There’s this typical image – Hollywood depiction. The lonely person is a ‘loser’, different from everybody else. No friends, no style – probably bullied and going home to spend the night’s duration on a laptop. Only, feeling lonely today is also the ‘popular girl’, the ‘party one’, and all the other young people.
To put this in perspective, a BBC News article published this year, shared National Statistics which declare young people are more likely to live with loneliness. In America, Fortune.com says young Americans in particular, experience feeling lonely. And in Australia, SBS News asked, “Why are young Australians lonelier than seniors?”.
Articles based on seclusion and isolation for the millennial generation have increased in what is known as the ‘party season’. Despite what movies may have us believe, it’s becoming hard to spot what a lonely person looks like. The effects of social-media are impossible to ignore, however, my why – why is this happening, focuses on a real-life picture.
Friendships growing apart
My early twenties were about partying, dating; trying to survive my first full-time job. Deep conversations elaborated aspirations and dreams. By mid-twenties, my friends and I had grown. We’d grown apart. Some went off and got married and became pregnant, some took off and travelled half-way round the world to live, and others just simply stayed the same. Had I not have changed; our friendship would have lasted.
An old friend of mine – a few years younger, routinely headed out in the evening with a humongous crowd of people. She was never short of invites, always had a cool or fun place to visit, a nonstop social calendar. Confessing my loneliness to her after breaking ties with my best friend felt embarrassing. I presumed she wouldn’t understand. Instead she told me of her depression, and how few close friends she had.
Society portrays itself as a throwable place. You can instantly delete a partner, a follower, a person who no longer becomes necessary. We use people, and then we wash them away as though we’d never used them before. So, you end up with acquaintance groups and just a handful of genuine friends actually worth caring about. Or maybe we get to a point where our old friends don’t make us happy anymore, but we have no idea how to acquire new ones. We kind of throw away the old without replacing.
Admitting to loneliness
It’s hard to admit feeling lonely, because we try to showcase our lives as perfect. When Angelina Jolie said she didn’t have girlfriends, torrent discussions on Jolie not being a good female friend appeared on every female target-audience publication. The UK Mirror explained that Jolie doesn’t present herself as a girly girl. She comes across cold. For women, close female relationships should supposedly happen naturally. If a woman has a lack of female support, it means something is wrong with her.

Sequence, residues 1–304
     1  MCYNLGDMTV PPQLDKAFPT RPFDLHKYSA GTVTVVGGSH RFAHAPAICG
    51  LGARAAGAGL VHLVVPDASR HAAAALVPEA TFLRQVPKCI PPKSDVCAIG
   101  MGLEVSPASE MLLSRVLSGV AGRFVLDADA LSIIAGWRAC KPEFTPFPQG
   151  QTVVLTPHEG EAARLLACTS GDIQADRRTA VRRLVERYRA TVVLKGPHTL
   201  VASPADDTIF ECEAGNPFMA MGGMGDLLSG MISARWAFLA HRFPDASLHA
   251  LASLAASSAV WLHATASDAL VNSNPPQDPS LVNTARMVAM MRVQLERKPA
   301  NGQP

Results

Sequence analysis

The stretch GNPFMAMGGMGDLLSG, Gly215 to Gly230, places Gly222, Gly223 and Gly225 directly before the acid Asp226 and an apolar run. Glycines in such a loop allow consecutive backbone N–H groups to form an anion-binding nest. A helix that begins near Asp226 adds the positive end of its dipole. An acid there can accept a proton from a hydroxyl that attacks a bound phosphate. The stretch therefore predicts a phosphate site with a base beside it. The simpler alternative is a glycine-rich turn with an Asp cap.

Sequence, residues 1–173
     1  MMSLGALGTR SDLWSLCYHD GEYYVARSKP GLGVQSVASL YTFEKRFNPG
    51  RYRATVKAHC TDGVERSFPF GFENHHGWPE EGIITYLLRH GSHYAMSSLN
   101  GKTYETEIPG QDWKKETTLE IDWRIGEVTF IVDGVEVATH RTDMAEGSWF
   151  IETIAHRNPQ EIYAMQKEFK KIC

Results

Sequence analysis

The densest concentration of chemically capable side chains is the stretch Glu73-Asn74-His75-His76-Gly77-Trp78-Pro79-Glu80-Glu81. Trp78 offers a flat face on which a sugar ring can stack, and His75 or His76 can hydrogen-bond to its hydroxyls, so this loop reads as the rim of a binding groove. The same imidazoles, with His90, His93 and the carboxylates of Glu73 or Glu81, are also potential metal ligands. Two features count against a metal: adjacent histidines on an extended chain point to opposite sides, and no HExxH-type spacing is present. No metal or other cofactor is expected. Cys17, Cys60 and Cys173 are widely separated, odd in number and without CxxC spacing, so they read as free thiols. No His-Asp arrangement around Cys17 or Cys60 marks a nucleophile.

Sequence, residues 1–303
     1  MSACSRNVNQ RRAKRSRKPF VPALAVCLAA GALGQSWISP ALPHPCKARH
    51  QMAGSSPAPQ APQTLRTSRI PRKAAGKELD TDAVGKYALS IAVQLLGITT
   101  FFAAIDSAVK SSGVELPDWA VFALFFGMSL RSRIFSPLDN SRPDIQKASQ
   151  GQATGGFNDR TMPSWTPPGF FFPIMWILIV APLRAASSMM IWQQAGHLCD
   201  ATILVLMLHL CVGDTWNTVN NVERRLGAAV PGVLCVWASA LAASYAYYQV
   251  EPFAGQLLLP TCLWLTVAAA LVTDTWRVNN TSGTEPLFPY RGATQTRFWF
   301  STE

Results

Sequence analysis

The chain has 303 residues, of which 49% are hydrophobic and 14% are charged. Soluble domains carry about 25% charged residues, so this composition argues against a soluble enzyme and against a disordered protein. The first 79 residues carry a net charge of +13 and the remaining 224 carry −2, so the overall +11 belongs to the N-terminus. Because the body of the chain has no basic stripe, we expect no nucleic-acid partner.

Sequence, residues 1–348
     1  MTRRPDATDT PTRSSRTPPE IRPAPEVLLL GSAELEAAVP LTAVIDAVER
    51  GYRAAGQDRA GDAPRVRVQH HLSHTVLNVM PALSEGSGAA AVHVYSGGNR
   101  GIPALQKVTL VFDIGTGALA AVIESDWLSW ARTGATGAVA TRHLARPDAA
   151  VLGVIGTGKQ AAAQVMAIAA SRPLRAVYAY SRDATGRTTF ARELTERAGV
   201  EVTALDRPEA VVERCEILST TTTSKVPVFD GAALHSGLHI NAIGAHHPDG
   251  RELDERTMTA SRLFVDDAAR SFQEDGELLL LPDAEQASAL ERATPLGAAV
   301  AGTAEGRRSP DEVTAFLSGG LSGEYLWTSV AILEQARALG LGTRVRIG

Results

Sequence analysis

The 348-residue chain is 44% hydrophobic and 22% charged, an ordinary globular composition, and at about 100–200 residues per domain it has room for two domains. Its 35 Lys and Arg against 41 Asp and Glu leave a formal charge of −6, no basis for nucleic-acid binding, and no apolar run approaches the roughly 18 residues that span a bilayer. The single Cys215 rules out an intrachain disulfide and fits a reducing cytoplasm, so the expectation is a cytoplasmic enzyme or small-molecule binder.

The hidden-away shame of feeling lonely, results in the problem festering and not being resolved. According to Psychologytoday.com, loneliness can increase numerous health issues, such as dementia, a weakening immune system, stress, heart disease, and in severe cases, suicide. They argue – and this I believe, that technology is not the sole cause.
The real reason for feeling lonely
“Workaholic parents and Baby Boomer achievers apparently transmitted a cultural message that “free time” was verboten and all activities had to be goal-oriented”, says Psychology Today. If you look at YouTube, blogs and Instagram accounts, when they speak about self-love and motivation, it’s this false idolism of striving for continual happiness.
Posts and captions about how you can organise yourself better, achieve more with the little time you have; how you can become productive in the morning and aim for your dreams. In our attempts at perfection, we have over saturated ourselves. Go online and I guarantee at least one person you follow, has published something today with tips on how to make you better or maximise your time.
Scarcely is there a source on how to speak to someone about feeling lonely, how to cope. The issue is not dwindling. And I think, we need to open our eyes to signs which indicate a person is struggling. Insider has documented constant tiredness, an obsession for materialism and binge-watching shows as signs, and mentions that loneliness is contagious – if your friends feel lonely, you likely will to. More reason to notice the signs and help each other.
Have you ever felt a period of loneliness in your life? Is it something you have discussed with friends and family before?